News Video | Policy | GPs | Hospitals | Medical | Mental Health | Welfare | Search

 


Waikato First with Smallest Cardiac Monitor Operation

Waikato First with World’s Smallest Cardiac Monitor Operation


Clinicians at Waikato Hospital are the first experts in New Zealand to implant the world’s smallest cardiac monitor, which is capable of wirelessly diagnosing potentially dangerous irregular heartbeats.

The first recipient will be a 43-year-old Taranaki woman who has been extremely fit, so much so that she ran a marathon earlier this year. But she has a history of palpitations every six weeks which are short lasting events with associated dizziness.

Experienced cardiologist Dr Clyde Wade will use the miniature Medtronic Reveal LINQ™ Implantable Cardiac Monitor for two procedures tomorrow (Monday 9 June) at one of Waikato Hospital’s new catheterisation laboratories (Cath Lab).

Dr Wade says it will help clinicians in their efforts to help prevent the high number of arrhythmia-related events, including cases of death in New Zealand, through detection and appropriate treatment of heart rhythm disorders.

Watch how the procedure happens

Without appropriate diagnosis and treatment, the effects of undetected or misdiagnosed heart rhythm disorders can be fatal and occur without warning.

Clinicians will use the new insertable cardiac monitor to detect minute changes in a patient’s heart rhythm by continuously monitoring, recording and storing data inside the device for up to three years.

In addition, due to its wireless monitoring capabilities, physicians can get notifications quickly if patients need medical attention between regular appointments.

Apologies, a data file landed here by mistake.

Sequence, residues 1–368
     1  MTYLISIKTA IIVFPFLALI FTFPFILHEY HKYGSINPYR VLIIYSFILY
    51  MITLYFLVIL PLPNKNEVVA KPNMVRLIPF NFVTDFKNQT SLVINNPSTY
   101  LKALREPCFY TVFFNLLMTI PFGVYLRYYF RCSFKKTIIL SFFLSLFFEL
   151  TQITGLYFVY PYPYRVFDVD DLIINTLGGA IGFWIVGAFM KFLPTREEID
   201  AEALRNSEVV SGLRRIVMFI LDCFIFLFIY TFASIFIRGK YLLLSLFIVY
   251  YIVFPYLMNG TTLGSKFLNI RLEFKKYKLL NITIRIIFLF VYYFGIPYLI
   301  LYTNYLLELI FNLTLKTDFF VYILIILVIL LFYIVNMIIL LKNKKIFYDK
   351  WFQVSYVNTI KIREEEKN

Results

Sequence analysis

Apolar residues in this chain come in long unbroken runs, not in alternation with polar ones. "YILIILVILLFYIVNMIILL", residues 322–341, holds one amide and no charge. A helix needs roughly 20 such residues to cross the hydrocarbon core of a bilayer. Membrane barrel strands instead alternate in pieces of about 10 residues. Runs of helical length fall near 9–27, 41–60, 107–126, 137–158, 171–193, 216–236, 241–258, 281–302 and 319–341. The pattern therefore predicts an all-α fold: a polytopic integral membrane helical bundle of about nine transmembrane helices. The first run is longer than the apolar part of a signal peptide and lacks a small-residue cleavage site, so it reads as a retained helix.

A lack of awareness of heart rhythm disorders in the medical community means they often go unrecognised or are misdiagnosed. According to group Arrhythmia Alliance, one such disorder, known as syncope (or fainting), can be caused by an underlying cardiac condition yet is often misdiagnosed as epilepsy meaning people receive medication to treat epilepsy[i] rather than their heart condition.

Alternately, atrial fibrillation (AF), the most common heart rhythm disorder, which may result in stroke, is often intermittent. This can make it difficult for a clinician to confirm a diagnosis.

Through appropriate use of ICM technology, there is an opportunity to prevent a high number of arrhythmia-related deaths in New Zealand.

What this means to patients:

Undetected, heart rhythm disease can be lethal and occur without warning. Detecting underlying heart rhythm conditions is the first step to improving health outcomes. As symptoms can be infrequent and unexpected, the effectiveness of short-term investigative tools such as 24 hour holter monitors or time-consuming hospital surveillance visits are limited.

Placed just beneath the skin’s surface through a small incision of less than 1 cm, the LINQ ICM provides uninterrupted monitoring for up to three years, plus is nearly invisible to the naked eye in most patients. The miniaturisation of the LINQ ICM provides smaller patients including children access to the technology with little cosmetic impact.